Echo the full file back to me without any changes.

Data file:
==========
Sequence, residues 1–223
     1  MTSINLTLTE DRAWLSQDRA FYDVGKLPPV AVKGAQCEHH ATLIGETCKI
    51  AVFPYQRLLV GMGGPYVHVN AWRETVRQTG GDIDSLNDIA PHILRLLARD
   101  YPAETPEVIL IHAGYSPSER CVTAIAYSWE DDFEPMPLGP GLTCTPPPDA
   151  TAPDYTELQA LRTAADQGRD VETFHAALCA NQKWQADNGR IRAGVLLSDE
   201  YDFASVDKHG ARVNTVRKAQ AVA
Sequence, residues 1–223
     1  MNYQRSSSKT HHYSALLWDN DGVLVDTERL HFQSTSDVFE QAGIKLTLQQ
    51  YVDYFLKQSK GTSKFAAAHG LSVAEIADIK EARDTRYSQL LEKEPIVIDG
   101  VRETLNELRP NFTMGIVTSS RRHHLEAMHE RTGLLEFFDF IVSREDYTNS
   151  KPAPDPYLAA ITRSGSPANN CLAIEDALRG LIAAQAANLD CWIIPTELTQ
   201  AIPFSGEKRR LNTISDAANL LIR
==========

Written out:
Sequence, residues 1–223
     1  MTSINLTLTE DRAWLSQDRA FYDVGKLPPV AVKGAQCEHH ATLIGETCKI
    51  AVFPYQRLLV GMGGPYVHVN AWRETVRQTG GDIDSLNDIA PHILRLLARD
   101  YPAETPEVIL IHAGYSPSER CVTAIAYSWE DDFEPMPLGP GLTCTPPPDA
   151  TAPDYTELQA LRTAADQGRD VETFHAALCA NQKWQADNGR IRAGVLLSDE
   201  YDFASVDKHG ARVNTVRKAQ AVA
Sequence, residues 1–223
     1  MNYQRSSSKT HHYSALLWDN DGVLVDTERL HFQSTSDVFE QAGIKLTLQQ
    51  YVDYFLKQSK GTSKFAAAHG LSVAEIADIK EARDTRYSQL LEKEPIVIDG
   101  VRETLNELRP NFTMGIVTSS RRHHLEAMHE RTGLLEFFDF IVSREDYTNS
   151  KPAPDPYLAA ITRSGSPANN CLAIEDALRG LIAAQAANLD CWIIPTELTQ
   201  AIPFSGEKRR LNTISDAANL LIR